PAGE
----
Lake Erie Polluted By At Least 100 Million Pieces Of Plastic

Plastic products likes bags and straws eventually break down into smaller pieces and often end up in Lake Erie. [Loretta Sze / shutterstock]
Plastic products likes bags and straws eventually break down into smaller pieces and often end up in Lake Erie. [Loretta Sze / shutterstock]
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There are more than 100 million pieces of plastic in Lake Erie.

That is according Prof. Sherri Mason from the State University of New York at Fredonia who presented the State of the Great Lakes Tuesday at The City Club of Cleveland.

Mason began her research in 2012 and found about 46,000 pieces of plastic per square kilometer in Lake Erie alone.

She said there's an even larger amount in the sediment at the bottom of the lake and in the rivers that feed it.

“We went from looking in the Great Lakes to looking in the rivers, going upstream from the lakes, and there we see that the counts go up even higher, because you’re closer to the people, and ultimately people, we are the source of this material,” said Mason.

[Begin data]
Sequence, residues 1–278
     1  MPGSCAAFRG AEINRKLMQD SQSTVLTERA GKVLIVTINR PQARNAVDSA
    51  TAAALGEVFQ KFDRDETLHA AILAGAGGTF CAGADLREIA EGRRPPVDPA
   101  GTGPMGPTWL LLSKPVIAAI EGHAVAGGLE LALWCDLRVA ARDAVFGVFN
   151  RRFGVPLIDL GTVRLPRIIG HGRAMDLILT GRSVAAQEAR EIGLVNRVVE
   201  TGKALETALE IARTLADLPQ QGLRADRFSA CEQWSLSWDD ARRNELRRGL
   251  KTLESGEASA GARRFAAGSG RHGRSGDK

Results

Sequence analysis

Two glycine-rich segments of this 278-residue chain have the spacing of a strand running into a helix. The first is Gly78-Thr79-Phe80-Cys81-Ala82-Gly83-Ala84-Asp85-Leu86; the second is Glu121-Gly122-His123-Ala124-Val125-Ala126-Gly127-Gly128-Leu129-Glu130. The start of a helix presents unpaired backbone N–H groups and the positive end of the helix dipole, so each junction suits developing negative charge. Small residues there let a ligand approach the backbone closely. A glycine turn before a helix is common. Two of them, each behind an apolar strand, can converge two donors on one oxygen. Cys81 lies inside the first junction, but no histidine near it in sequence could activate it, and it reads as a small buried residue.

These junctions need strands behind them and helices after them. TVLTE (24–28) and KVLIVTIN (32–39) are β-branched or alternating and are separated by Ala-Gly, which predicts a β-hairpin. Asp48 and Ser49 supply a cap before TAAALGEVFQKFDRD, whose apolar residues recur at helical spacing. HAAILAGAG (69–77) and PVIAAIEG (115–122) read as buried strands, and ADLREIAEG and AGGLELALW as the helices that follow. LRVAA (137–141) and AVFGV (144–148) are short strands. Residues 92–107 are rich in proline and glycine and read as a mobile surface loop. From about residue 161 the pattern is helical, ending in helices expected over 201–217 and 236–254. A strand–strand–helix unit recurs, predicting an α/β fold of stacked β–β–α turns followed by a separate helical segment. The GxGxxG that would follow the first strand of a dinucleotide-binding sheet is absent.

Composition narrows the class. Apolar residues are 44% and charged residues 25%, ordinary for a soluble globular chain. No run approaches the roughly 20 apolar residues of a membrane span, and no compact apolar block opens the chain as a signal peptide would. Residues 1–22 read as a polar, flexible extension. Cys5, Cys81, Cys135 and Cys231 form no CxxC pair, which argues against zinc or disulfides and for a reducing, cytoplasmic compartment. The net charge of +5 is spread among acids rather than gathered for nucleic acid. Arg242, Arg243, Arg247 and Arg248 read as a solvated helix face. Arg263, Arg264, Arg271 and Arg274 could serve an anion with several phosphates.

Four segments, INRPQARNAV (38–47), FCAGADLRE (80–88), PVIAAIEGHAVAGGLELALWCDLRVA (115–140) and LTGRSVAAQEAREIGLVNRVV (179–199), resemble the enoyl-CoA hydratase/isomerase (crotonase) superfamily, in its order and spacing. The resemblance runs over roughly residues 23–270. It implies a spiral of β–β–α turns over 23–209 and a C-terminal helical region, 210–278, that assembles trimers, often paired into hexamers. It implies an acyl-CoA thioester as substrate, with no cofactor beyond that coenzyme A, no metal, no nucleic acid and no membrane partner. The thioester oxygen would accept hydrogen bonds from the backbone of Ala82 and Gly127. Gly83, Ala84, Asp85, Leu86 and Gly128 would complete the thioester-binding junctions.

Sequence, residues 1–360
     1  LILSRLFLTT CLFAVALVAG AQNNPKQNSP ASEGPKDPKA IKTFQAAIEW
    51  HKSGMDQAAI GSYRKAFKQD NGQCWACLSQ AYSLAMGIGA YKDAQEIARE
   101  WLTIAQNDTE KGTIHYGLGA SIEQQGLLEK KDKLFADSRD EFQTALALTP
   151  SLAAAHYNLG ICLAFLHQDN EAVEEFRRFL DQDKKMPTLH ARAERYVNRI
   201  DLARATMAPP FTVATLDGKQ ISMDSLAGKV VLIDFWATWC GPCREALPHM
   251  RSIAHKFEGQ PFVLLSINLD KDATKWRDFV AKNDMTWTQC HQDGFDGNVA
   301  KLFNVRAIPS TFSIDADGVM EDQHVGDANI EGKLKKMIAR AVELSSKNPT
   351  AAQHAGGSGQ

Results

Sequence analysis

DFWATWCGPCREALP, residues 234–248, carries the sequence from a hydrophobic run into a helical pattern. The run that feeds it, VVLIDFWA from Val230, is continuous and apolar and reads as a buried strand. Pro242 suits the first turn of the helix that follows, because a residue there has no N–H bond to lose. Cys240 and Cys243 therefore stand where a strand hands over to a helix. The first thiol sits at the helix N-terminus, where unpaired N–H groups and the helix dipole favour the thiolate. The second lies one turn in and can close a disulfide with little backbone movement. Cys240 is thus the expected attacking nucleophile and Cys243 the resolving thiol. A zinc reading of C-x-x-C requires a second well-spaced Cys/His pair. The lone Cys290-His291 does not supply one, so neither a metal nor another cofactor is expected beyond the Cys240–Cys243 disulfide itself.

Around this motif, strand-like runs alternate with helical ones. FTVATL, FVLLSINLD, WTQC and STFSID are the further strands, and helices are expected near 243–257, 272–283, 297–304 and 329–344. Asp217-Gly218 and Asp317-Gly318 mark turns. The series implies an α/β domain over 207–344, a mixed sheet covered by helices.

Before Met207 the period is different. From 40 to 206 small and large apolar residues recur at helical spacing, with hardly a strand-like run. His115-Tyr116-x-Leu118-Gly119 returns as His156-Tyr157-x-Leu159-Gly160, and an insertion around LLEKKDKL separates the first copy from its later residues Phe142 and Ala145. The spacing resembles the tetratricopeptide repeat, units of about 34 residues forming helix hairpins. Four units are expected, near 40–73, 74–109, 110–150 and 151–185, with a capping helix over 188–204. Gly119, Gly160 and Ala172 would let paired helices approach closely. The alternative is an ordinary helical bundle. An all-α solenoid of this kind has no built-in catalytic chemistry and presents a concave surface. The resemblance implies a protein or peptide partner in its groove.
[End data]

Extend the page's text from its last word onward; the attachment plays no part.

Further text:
Most of what they found are microplastics, pieces the size of a sesame seed or smaller, that come from broken down products like straws and bags.

Mason said the key to ending the pollution is for people to change their behavior.

“By refusing the straws, the bags, the bottles, we can be the change we wish to see in the world," said Mason.

Mason said other types of pollutants found in Lake Erie attach themselves to microplastics. Then animals eat them, and those pollutants all make their way up the food chain to humans.

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